Accessories: The figure captures Hermione as a fifth-year student at Hogwarts and delivers a perfect representation of her onscreen portrayal by actress Emma Watson. It gets eight points of articulation, her wand and a cheap display base. Also, as part of a costly trend for the buyers of action figures, she comes with a few pieces to a “build a figure” Dummy Death Eater. Fans will need to buy the Harry Potter and Ron Weasley figures from the series to collect all of the Death Eater parts and assemble them.
Read all about it: Harry Potter has never been adapted into a sequential-art format. However, Neil Gaiman’s four-issue 1990s comic-book series the Books of Magic (DC Comics trade paperback, $19.99) chronicles the life of Timothy Hunter, a bespectacled British boy with an owl companion. He can become one of the greatest magicians in the world. DC legends Doctor Occult, the Phantom Stranger, Mister E and John Constantine help him decide.
Words to buy by: New Jersey’s Neca has excelled in quality and detail through its figure work in such licensed properties as “Hellraiser,” “300” and “Pirates of the Caribbean.”
Although fans will appreciate this group of heroes, I am anticipating the second wave of figures, which includes great-looking versions of Severus Snape, Albus Dumbledore and a couple of Death Eaters.
Strange but cool
A short look at bizarre products with a pop-culture twist.
Harry Potter’s Wand
(The Noble Collection, $29.50)
A 14-inch reproduction of the boy wizard’s famed spell-casting instrument gets royal treatment from a company known for jewelry inspired by movies such as “Batman Begins,” “Superman Returns” and “The Da Vinci Code.” The wand is made of a plastic resin and shaped to look exactly like its holly-and-phoenix-feather-based equivalent. However, for the price, it should have been carved out of wood.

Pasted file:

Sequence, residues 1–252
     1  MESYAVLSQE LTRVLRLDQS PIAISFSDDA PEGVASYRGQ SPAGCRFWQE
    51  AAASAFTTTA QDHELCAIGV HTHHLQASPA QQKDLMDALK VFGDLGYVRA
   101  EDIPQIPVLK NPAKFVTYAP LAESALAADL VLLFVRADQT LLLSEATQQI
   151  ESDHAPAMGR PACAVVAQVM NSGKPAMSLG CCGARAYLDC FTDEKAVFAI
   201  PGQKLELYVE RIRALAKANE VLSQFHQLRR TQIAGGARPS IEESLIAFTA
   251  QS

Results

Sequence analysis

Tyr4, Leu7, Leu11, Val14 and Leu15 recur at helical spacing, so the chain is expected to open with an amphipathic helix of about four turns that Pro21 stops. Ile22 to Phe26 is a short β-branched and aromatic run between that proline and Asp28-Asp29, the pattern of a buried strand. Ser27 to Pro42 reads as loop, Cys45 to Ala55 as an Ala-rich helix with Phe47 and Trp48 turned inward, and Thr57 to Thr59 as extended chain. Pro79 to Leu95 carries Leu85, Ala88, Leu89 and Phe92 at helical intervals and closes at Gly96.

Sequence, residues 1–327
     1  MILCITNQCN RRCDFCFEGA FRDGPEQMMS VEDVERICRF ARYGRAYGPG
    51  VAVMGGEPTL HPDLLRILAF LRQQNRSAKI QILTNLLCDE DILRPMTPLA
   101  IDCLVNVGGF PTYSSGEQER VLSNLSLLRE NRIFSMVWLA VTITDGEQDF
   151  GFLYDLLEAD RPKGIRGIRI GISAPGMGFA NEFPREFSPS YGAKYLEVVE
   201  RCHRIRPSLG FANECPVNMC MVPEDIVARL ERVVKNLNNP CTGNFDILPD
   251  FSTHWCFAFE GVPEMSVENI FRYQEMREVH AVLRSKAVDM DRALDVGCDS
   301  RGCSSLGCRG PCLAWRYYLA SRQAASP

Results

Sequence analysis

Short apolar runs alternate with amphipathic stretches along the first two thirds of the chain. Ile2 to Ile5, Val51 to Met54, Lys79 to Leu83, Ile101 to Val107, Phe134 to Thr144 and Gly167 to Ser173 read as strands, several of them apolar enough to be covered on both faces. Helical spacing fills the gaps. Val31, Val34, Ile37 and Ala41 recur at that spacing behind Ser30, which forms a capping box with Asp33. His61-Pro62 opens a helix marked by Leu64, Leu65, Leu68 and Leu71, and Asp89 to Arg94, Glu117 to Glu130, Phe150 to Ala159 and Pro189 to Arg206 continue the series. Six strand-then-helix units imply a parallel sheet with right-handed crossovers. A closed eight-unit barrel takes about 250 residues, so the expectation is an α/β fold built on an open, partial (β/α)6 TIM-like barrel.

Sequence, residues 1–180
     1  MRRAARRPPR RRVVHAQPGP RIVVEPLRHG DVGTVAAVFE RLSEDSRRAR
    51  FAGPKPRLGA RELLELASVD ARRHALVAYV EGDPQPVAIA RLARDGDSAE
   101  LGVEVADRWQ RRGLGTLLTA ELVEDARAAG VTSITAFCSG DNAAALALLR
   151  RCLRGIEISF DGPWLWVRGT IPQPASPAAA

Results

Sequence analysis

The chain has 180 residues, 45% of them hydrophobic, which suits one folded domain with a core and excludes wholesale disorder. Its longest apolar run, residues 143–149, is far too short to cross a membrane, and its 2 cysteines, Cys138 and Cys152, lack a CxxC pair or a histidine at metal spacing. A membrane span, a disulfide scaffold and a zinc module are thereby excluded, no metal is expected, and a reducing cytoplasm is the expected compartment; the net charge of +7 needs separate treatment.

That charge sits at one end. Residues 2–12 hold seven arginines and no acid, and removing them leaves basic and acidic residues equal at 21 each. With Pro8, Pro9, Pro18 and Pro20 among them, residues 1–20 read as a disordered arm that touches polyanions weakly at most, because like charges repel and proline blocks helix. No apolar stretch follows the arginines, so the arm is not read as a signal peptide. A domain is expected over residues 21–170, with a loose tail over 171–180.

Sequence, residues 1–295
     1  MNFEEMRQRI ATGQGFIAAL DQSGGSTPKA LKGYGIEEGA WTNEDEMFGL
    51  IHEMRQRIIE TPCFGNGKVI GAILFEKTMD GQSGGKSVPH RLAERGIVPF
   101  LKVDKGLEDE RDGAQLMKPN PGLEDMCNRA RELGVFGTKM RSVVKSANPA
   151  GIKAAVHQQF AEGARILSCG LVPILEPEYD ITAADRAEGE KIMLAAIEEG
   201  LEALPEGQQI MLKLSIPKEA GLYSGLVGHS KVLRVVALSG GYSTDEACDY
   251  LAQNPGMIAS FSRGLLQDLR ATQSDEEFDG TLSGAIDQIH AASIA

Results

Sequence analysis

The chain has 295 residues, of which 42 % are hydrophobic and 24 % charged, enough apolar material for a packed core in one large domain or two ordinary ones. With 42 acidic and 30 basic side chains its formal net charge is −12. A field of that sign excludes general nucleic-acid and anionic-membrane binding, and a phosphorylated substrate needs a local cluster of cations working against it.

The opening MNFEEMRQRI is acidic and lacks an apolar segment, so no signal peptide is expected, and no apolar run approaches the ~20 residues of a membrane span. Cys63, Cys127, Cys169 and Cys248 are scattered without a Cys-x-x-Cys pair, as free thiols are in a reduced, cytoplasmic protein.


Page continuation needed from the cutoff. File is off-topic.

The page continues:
More impressive is its faux leather case with a red crushed-velvet interior that looks as if it were purchased right from Ollivander’s wand shop in Diagon Alley.
Luke and Yoda: Dagobah Training
(Sideshow Collectibles, $349.99)
Collectors of high-end Star Wars memories can own an 18-inch-tall, quarter-scale highlight of Luke Skywalker’s close encounters with a Jedi Master who always seemed to be on his back.
Limited to 1,150 pieces, this premium-format, hand-painted polystone statue is a mixed-media masterpiece that excels in detail down to Luke’s sweaty hair strands (cast in flexible metal), swamp-stained cloth clothing and the metal buckles used to hold Yoda’s harness in place.
Adding to the authenticity, Luke really resembles actor Mark Hamill (always a difficult sculpt) and Yoda not only wears a mysterious pendant seen in the films but even looks way more realistic than in “The Empire Strike Back.” Completing the pop-culture package, the base design is inspired by Dagobah’s humid terrain.
Zadzooks! wants to know you exist. Call 202/636-3016, fax 202/269-1853, e-mail firstname.lastname@example.org, visit Zadzooks at the blog section of The Washington Times’ Web site (www.washingtontimes.com/blogs/) or write to Joseph Szadkowski at The Washington Times, 3600 New York Ave. NE, Washington, DC 20002.